Jill Sederstrom is a Contributing Editor
A widely used tuberculosis vaccine may be a powerful tool for lowering A1c levels in patients with long-term diabetes.
The attenuated Mycobacterium bovis bacillus Calmette-Guerin (BCG) strain has been used as a vaccine against tuberculosis for more than 100 years, but now it's use is being investigated in patients with diabetes, according to a new study published in Nature Partner Journals.
Researchers investigated the impact of two doses of BCG vaccine in 211 patients with type 1 diabetes and 71 nondiabetic controls. The study was part of a prospective randomized eight-year examination. They discovered that after year 3, BCG lowered hemoglobin A1c levels down to near normal levels in the patients studied. The study found a reduction in A1c levels of greater than 10% after year 3 and 18% at year 4. Those lower hemoglobin A1c levels were then maintained for the next five years, according to the study.
"It suggests that even for diabetics who have had the disease for many years there may be an intervention that can correct their blood sugars without risk of hypoglycemia," Denise L. Faustman, MD, PhD, a coauthor of the study, tells Drug Topics.
The study had two important findings, she says: first, that BCG had the ability to create a durable and significant change in blood sugar, and second, that BCG appears to be create a new and novel metabolic mechanism that increases cellular consumption of glucose.
The authors of the study noted a "systemic shift" in glucose metabolism in those who received the vaccine, moving from oxidative phosphorylation to aerobic glycolysis.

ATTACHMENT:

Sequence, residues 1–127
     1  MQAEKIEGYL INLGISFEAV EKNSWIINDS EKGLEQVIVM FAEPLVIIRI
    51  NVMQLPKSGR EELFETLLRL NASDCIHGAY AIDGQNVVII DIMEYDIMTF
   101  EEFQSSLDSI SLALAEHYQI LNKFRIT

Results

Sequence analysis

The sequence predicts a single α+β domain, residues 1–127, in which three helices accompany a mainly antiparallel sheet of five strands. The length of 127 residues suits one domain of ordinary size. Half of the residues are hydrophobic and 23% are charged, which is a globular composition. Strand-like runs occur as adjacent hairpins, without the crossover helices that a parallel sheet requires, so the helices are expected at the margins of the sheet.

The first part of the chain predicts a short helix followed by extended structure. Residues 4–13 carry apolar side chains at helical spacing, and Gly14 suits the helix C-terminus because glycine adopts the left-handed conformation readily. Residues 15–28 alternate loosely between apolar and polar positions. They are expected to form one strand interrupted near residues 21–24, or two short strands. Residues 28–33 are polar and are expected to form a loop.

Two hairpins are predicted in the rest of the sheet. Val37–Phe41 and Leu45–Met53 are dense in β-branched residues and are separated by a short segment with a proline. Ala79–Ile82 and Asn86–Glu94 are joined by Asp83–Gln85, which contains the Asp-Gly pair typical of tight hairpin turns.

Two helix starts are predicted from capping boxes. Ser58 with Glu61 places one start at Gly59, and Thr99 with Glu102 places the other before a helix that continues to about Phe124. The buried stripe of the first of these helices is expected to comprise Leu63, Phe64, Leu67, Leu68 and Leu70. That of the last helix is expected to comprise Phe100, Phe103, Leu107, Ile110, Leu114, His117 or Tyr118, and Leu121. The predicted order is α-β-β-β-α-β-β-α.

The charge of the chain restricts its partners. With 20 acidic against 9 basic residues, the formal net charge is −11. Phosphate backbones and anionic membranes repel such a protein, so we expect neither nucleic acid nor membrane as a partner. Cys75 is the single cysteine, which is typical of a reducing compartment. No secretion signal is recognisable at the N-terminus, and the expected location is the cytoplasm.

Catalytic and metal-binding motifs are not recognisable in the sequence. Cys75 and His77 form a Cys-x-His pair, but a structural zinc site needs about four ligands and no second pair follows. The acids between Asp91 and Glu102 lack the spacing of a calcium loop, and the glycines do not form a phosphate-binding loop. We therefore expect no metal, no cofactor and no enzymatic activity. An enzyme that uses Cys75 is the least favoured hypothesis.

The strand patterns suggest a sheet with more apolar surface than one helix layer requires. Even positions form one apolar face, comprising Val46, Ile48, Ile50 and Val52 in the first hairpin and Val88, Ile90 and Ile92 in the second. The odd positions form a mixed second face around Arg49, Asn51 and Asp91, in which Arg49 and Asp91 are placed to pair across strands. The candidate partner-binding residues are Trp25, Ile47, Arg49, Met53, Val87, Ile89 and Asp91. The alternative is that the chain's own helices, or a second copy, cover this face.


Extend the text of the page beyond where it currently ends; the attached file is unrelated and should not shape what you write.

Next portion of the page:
While the results of the examination are exciting, researchers still aren't sure why the BCG vaccine was so effective in lowering A1c levels. "Also, it is very important to note that not all strains of BCG are the same and do not have the same immune effect that the strains we are studying have," she says.
"There is a lot to learn about this new mechanism," Faustman says, who directs the Immunobiology Laboratory at Massachusetts General Hospital.
The next step to fully understanding the potential that BCG vaccine could have for patients with type 1 diabetes is to complete the Phase II trial. "We are actively trying to raise funds for an expanded access trial, as well as a pediatric trial," Faustman says.
BCG could play a powerful role in treating type I diabetes in the years ahead, but this area of research is relatively new. Faustman cautioned that BCG is not currently approved for type I diabetes and should not be used off-label by healthcare providers until it is approved by the FDA.